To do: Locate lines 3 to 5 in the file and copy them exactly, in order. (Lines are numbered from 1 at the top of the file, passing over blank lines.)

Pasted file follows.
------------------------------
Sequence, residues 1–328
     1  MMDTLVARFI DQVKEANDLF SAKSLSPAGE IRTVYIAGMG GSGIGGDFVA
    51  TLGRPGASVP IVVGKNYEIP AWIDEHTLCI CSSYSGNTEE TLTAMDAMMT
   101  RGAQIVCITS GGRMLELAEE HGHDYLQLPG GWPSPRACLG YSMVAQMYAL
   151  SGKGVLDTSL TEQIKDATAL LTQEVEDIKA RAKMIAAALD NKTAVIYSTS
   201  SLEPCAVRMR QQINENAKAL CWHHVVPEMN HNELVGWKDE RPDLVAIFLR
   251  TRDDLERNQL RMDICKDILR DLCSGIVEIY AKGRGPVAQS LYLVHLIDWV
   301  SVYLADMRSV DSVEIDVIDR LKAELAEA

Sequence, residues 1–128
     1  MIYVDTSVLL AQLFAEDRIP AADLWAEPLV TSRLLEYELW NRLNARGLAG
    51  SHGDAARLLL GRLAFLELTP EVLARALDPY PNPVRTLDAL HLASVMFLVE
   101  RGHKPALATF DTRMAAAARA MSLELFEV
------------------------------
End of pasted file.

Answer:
    51  TLGRPGASVP IVVGKNYEIP AWIDEHTLCI CSSYSGNTEE TLTAMDAMMT
   101  RGAQIVCITS GGRMLELAEE HGHDYLQLPG GWPSPRACLG YSMVAQMYAL
   151  SGKGVLDTSL TEQIKDATAL LTQEVEDIKA RAKMIAAALD NKTAVIYSTS